These programs were originally named bdiff and bpatch, but the large number of other programs using those names lead to confusion; I'm not sure if the "bs" in refers to "binary software" (because bsdiff produces exceptionally small patches for executable files) or "bytewise subtraction" (which is the key to how well it performs). Feel free to offer other suggestions.

bsdiff and bspatch use bzip2; by default they assume it is in /usr/bin.

bsdiff is quite memory-hungry. It requires max(17*n,9*n+m)+O(1) bytes of memory, where n is the size of the old file and m is the size of the new file. bspatch requires n+m+O(1) bytes.

bsdiff runs in O((n+m) log n) time; on a 200MHz Pentium Pro, building a binary patch for a 4MB file takes about 90 seconds. bspatch runs in O(n+m) time; on the same machine, applying that patch takes about two seconds.

Providing that off_t is defined properly, bsdiff and bspatch support files of up to 2^61-1 = 2Ei-1 bytes.

Additional information about this win32-port:

bsdiff 4.3 doesn't require bzip2.exe anymore, it's now statically linked with bzip2/bzlib.

Additionally off_t is currently defined to be 32 bit, so you're stuck with much smaller files (2^31-1 bytes or 2 GB)...
But before you're going to ask for it to become 64 bit, do some quick math!
This version is compiled for 32-bit machines, and deliberately assuming we can only address 2 GB of RAM per process, the biggest binary we can successfully bsdiff is even smaller, just about 120 MB!
Keep in mind that bsdiff works very well for executable files where differences to their successors tend to spread minor changes all over the file.
So, having huge files with mostly large parts identical, you should look for some other delta-tool, see List of delta encoding software (Wikipedia)

This work is subject to
BSD Protection License dated Feb.2002

Zipped Win32-Executables (May 2007)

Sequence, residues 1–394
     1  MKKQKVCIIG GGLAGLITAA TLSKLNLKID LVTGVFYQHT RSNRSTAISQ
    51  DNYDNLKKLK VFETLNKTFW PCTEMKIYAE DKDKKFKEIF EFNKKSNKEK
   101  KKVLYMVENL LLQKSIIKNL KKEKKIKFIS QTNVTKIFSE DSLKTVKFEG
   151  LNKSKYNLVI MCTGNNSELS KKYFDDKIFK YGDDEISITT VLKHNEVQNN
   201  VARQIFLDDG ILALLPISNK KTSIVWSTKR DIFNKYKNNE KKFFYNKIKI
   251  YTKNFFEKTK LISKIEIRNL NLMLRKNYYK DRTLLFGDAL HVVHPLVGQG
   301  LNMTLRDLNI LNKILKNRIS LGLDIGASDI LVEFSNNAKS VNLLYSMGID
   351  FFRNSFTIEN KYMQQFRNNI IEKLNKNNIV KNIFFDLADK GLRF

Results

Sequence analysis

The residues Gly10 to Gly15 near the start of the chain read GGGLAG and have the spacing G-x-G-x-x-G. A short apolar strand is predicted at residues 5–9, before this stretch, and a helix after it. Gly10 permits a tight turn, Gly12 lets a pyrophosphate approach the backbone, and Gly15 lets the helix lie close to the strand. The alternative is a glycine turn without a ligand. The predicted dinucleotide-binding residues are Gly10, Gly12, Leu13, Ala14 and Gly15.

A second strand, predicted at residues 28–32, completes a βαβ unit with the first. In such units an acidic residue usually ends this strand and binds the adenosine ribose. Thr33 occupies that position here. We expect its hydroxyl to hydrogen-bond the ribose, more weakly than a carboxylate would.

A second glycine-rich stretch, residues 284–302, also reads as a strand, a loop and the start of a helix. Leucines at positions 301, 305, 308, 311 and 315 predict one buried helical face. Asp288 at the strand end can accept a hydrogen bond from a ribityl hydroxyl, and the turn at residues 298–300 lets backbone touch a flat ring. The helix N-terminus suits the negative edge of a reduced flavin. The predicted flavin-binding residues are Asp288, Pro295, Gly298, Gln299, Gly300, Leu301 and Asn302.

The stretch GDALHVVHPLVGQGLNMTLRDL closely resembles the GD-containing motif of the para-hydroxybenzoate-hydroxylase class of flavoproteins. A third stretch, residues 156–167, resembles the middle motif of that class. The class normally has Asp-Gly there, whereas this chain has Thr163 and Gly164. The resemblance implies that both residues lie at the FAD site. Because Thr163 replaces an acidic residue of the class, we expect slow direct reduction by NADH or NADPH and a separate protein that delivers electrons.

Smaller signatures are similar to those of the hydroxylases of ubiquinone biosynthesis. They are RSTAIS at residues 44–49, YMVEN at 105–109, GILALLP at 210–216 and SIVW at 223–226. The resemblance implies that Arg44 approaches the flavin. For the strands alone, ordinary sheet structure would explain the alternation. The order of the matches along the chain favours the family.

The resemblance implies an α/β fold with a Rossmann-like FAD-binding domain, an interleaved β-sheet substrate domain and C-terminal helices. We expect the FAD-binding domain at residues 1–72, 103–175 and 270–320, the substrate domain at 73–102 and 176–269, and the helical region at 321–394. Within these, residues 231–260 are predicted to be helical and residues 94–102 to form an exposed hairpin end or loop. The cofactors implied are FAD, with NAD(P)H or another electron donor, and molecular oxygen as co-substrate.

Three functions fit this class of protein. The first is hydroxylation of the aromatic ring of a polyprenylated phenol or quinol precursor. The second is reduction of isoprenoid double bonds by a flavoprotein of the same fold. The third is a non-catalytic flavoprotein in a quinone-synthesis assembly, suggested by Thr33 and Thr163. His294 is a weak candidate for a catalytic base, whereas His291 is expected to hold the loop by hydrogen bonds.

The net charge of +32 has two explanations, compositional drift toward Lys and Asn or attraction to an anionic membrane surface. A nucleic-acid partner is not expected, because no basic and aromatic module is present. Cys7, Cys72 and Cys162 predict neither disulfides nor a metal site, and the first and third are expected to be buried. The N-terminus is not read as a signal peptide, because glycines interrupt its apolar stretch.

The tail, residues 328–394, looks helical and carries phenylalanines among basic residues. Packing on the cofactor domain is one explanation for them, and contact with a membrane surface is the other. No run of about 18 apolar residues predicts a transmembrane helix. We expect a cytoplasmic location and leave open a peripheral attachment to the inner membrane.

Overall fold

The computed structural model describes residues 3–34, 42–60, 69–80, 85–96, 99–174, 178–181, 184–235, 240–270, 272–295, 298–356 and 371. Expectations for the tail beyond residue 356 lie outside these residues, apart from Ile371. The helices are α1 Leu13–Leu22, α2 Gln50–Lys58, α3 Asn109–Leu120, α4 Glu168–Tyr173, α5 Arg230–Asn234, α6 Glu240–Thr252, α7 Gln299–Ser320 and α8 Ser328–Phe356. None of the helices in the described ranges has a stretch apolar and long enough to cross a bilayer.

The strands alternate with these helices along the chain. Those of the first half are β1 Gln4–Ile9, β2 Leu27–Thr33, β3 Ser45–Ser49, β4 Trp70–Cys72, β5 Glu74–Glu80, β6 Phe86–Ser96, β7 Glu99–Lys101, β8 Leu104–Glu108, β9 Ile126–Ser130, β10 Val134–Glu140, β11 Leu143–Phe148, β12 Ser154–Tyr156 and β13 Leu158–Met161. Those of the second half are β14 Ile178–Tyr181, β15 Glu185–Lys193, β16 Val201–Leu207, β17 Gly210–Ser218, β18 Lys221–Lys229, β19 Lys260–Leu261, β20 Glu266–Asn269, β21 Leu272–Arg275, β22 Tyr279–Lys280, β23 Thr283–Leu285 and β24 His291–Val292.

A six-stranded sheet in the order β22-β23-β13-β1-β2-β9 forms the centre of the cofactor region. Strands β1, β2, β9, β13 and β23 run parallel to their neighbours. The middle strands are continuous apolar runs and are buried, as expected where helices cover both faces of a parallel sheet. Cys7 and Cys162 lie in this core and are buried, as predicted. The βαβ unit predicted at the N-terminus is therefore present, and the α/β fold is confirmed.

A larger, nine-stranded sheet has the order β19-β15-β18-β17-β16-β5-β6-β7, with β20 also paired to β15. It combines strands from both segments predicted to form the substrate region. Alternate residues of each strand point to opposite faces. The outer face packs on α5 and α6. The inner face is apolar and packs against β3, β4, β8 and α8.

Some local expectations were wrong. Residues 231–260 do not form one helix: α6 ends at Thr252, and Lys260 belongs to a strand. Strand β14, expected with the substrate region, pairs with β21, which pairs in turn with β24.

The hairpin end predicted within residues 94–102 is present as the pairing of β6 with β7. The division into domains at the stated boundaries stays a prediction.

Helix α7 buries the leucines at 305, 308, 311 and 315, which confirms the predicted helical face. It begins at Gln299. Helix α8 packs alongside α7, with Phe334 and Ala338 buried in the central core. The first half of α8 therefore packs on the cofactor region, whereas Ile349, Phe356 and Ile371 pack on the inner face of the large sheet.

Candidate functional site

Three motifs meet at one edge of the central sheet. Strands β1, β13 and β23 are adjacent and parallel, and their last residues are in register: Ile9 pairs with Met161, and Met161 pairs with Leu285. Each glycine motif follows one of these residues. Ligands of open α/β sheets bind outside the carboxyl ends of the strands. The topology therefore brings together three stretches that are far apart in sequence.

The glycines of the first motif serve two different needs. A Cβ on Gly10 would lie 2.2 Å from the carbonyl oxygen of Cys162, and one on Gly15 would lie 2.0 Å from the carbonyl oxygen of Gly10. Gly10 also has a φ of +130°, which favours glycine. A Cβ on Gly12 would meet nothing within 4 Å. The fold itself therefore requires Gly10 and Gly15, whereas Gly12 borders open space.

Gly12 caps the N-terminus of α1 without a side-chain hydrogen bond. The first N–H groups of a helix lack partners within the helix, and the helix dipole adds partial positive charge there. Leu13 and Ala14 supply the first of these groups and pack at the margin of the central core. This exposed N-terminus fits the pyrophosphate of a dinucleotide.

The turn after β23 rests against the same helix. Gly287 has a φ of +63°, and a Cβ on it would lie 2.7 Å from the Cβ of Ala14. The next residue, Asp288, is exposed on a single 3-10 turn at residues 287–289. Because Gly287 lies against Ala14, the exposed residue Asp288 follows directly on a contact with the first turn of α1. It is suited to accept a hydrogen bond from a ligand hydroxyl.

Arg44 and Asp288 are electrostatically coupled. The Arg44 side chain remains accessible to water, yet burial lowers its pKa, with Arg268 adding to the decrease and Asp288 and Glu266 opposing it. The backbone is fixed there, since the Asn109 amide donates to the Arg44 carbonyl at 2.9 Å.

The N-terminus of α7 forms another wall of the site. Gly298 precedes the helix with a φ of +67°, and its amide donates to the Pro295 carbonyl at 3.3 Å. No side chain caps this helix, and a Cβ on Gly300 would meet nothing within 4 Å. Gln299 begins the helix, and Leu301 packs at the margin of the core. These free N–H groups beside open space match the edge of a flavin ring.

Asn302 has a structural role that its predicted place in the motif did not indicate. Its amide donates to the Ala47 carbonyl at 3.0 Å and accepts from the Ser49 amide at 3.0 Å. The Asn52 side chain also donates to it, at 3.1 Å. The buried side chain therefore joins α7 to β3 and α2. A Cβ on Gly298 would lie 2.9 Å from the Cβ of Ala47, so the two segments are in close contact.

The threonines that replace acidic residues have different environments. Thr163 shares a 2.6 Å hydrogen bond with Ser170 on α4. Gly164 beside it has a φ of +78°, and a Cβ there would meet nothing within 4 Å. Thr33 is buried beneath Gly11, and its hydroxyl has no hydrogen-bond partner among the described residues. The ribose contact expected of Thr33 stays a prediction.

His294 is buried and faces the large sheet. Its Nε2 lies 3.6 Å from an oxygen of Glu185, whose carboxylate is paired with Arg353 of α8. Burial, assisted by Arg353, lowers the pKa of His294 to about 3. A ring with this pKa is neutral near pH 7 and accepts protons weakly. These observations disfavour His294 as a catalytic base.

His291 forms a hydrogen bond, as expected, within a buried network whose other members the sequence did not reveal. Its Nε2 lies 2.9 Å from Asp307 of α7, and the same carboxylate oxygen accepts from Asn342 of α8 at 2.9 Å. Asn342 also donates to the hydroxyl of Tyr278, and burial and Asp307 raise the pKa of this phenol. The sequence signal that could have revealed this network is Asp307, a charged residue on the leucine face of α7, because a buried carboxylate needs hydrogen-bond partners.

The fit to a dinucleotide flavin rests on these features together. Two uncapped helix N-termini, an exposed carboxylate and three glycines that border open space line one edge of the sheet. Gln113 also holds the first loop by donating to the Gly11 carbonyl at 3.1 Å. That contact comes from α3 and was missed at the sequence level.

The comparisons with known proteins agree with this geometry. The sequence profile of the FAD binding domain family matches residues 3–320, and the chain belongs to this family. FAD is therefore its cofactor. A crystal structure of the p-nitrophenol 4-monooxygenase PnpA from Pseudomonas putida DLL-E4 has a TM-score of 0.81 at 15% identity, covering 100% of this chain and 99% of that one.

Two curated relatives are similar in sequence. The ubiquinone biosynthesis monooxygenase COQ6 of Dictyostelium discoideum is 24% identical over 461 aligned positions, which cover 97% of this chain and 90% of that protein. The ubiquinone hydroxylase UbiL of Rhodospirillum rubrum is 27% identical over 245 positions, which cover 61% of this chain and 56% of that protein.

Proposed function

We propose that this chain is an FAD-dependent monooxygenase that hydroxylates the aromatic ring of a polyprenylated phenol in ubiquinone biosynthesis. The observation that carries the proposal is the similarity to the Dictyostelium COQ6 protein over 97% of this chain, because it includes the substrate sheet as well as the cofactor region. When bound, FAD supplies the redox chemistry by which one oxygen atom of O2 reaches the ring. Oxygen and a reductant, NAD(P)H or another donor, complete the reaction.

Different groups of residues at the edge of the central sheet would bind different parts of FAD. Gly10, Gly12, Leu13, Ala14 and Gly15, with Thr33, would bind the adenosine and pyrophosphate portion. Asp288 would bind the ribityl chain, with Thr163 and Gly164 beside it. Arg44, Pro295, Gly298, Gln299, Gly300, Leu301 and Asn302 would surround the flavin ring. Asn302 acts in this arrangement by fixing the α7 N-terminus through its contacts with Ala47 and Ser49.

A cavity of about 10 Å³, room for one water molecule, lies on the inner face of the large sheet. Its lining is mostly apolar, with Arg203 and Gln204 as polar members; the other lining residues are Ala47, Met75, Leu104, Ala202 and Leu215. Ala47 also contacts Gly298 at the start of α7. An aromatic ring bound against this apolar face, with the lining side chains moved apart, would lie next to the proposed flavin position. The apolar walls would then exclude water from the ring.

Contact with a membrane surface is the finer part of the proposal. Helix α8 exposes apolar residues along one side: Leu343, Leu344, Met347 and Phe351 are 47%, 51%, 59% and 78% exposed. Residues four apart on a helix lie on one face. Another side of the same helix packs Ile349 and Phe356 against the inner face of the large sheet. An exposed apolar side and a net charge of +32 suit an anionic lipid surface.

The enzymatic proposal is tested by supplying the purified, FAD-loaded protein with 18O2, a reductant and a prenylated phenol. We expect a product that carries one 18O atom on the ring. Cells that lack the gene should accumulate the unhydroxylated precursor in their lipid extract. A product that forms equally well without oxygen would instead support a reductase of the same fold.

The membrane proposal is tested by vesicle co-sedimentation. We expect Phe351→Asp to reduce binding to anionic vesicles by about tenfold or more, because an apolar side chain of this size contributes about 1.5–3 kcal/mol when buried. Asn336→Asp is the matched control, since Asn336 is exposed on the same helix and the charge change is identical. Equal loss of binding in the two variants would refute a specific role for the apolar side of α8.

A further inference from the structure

size: 73.20 KB

sha1: 15972 55a1e 8eb5d 75189 135f6 defd1 23743 67fb5

Zipped Win32-Executables with source (May 2007)
size: 120.81 KB

sha1: 7e2d0 69461 ae433 9ffad 508cf a3633 a33d0 5cc79


I recently noticed that Subversion (SVN 1.1) can now be used without BerkeleyDB, it can now use a repository that is backed by your normal filesystem (SVN-Jargon: fsfs).
And because the BerkeleyDB was the number one reason why SVN-Server couldn't run on Win9x-systems, it felt naturally that SVN-Server can now be started with Win9x.

Too bad this isn't the case!

The problem comes from the fact that win9x only has very primitive file-locking (some would say "none at all") and the Apache Portability Runtime Library (libapr) doesn't deal too well with this.
So, as I'm still working with Win98 at home for my hobby-projects, and as SVN-Sources, as well as APR-Sources, are freely available, and because I had an relatively simple idea of how to create a semantically equivalent locking-scheme, I gave it a try!

I've done an small patch to apr/file_io/win32/flock.c, and SVN seems to work as intended on Win98 now (actually the patch only affects Win9x-Systems, for NT it's still the original APR-Code used for file-locking).

Unfortunately this is no perfect solution!

You can only access local repositories, it won't work reliable with remote/network-drives!
This is because the patch works by abstracting the file-locks to system-locks, completely without the real file-system!

To make this as clear as possible: The locking is done by the Win9x-System which is querying the repository, so access from another Win9x-System, e.g. over a network-drive, will lock on the second Win9x, thus ignoring locks from the first system and repository-consistency is not guaranteed.
But there is an obvious workaround: Simply always use svnserve and all access to the repository is done by one Win9x-System and the locking works as it should!

The Zip available here for download is a build from the sources of APR coming with SVN 1.1.2
I'll offer it "as is" with absolutely NO WARRANTY -- use solely at your own risk!

Zipped libapr.dll with flock.c.diff (15.Jan.2005)
size: 60.04 KB

sha1: 3858a d9ca2 82135 030e9 e8442 4b079 2581f 5a0a7

dynaCore   andreas_john@tesla.inka.de
andreas john
schulzenstr. 36
76771 hördt